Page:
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In Fallouja, Lining Up to Have Their Say

Turnout is reported to be heavy in a Sunni Arab city recovering from fighting last year. Sentiment seems to be against the constitution.

October 16, 2005|Solomon Moore | Times Staff Writer

FALLOUJA, Iraq — The referendum on Iraq's constitution was important enough to Mufeed Abed Ghafour that he cast not just one, but five ballots.

Ghafour walked into a polling station at Al Asad School on Saturday and cast a ballot for himself, his wife and his three children.

"We all came earlier," he said. "But the crowds were too large. So now I have returned and have brought their ballots for them."

Impassioned election workers openly discussed their views on the proposed charter a few feet away from cardboard voting stands.

Security was dicey. A local election official said there were more than a dozen hand-grenade attacks against Iraqi troops in and around Fallouja, and the day before, someone firebombed a local political party office.

Mistrust of Iraqi security forces runs so deep that local tribes formed their own guard units for polling stations and urged the soldiers to keep away.

And many residents' knowledge of the subject of their votes, a complex document completed only last week by Iraq's National Assembly, was sketchy at best.

This is what a successful election looks like in battle-scarred Fallouja, a predominantly Sunni Arab city where only 7,000 residents out of a pre-invasion population of about 350,000 voted in Iraq's parliamentary elections in January. In the aftermath of a massive U.S. offensive in Fallouja last year, most residents were displaced; most who remained boycotted the vote at the behest of Sunni Arab leaders.

On Saturday, nearly 75% of eligible voters, an estimated 150,000 people, cast ballots in the Fallouja area in a vote relatively unimpeded by violence. The large turnout signaled not only the willingness of a large Sunni Arab community to participate in Iraq's nascent political process but the unwillingness or inability of insurgents to disrupt the vote.

John Kael Weston, a State Department official assigned to Fallouja, said that a large reason for the shift from January's boycott to Saturday's high turnout was the decision of 50 clerics to endorse participation in the referendum.

"We're seeing grass-roots organizations telling people to vote, not necessarily because it's what they want to do, but because they have to do it," Weston said. "They realize that if they don't participate they don't have a lot of other options. They also realize that they made a mistake in January by sitting out the last election."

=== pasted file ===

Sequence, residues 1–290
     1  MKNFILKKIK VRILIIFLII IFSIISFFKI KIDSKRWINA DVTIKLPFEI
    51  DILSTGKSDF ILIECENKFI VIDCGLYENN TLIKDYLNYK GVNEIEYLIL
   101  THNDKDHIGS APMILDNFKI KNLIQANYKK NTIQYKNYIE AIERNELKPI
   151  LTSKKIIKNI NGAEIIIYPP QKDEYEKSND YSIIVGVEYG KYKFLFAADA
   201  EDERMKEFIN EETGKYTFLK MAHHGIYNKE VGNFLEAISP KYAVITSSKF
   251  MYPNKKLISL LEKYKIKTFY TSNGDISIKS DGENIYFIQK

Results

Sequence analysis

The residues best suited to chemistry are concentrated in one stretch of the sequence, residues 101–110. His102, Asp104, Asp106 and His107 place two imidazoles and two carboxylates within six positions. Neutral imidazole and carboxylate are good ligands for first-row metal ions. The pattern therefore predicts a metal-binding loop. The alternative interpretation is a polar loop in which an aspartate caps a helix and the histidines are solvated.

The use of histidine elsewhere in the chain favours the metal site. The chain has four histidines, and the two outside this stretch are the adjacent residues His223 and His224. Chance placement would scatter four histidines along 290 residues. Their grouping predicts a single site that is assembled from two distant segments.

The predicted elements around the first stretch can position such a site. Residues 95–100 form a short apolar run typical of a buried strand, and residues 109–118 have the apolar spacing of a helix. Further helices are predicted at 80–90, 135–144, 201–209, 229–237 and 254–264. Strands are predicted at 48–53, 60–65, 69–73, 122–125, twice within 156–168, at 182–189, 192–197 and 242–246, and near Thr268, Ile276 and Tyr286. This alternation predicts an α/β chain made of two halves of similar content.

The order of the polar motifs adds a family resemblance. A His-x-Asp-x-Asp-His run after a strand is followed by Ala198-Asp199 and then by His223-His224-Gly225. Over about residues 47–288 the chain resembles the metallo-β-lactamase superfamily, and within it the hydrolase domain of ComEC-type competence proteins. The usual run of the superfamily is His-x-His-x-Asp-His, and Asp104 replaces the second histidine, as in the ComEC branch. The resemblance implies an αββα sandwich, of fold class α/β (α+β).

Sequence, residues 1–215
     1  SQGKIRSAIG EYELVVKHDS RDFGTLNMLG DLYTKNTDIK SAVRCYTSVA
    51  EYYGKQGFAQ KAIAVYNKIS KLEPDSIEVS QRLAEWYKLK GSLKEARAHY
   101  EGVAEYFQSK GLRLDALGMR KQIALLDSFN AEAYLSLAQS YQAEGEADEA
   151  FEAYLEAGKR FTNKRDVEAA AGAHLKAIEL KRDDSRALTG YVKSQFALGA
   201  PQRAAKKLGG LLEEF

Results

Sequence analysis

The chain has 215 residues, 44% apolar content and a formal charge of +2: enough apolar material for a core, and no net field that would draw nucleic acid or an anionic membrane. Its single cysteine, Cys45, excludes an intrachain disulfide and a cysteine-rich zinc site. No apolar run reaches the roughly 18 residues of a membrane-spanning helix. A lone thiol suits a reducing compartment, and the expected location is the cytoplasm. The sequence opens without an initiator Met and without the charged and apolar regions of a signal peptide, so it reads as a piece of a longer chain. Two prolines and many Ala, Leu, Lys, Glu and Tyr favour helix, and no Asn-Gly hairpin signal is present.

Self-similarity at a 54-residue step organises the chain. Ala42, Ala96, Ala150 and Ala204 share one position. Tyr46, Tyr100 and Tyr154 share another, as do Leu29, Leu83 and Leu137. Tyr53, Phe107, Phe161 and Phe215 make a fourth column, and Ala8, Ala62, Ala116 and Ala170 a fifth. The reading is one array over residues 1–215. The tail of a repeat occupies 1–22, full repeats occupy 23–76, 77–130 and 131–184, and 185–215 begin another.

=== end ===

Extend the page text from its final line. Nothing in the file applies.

Like many Falloujans, Anad Aboud, 65, boycotted the January election. Aboud's house was destroyed and three of his sons were killed by Iraqi soldiers, he said, shortly after the worst of the fighting in Fallouja. He said that local clerics had persuaded him to vote.

"This our election, and we have to express our opinions," he said. "The clerics, they told us in their sermons that we should vote."

Although no results were available Saturday, anecdotal evidence suggested that Falloujans would vote heavily against the proposed charter.

"I will vote no because I am against sectarianism," said Hareth Abdul Kareem, a 46-year-old merchant. "Iraq should be one nation. Sunni, or Shiite, or Kurd -- we are all Iraqis."

Many Sunni Arabs had expressed concerns that the proposed constitution opened the door for eventual secession by the predominately Shiite south or the largely Kurdish north.

Last week, however, the Iraqi Islamic Party, a major Sunni Arab political party, agreed to back the constitution in exchange for the chance to renegotiate the document after the next parliament is elected in December.

But the Islamic Party's agreement to support the constitution appeared to have little traction in Fallouja. Unknown attackers firebombed party offices in Fallouja on Friday night, and voters derided the organization for changing its position on the draft constitution.

Rafa Alwan Mahana, 48, a retired teacher, said Fallouja's council of clerics was disappointed by the party's decision. If the party wanted to take a position, he said, "the Muslim community should be asked first. They did this without consulting."

Weston said that heavy participation in the vote had undercut extremist groups.

"You've got the grass roots, the whole community standing up and saying they want to participate in the election process," said Weston, who has been assigned to Fallouja for 18 months. "If you see your neighbors, your relatives, your own people walking down the street to vote, do you want to kill them? Probably not."

Sheik Dhari Abdul Hadi, who is Fallouja's mayor, said that he was less concerned about which way people voted than how many people voted.

"They are going in great and huge numbers and I noticed this morning that they were joining overcrowded lines," Hadi said. "All the voters know their responsibility to their future of this country."

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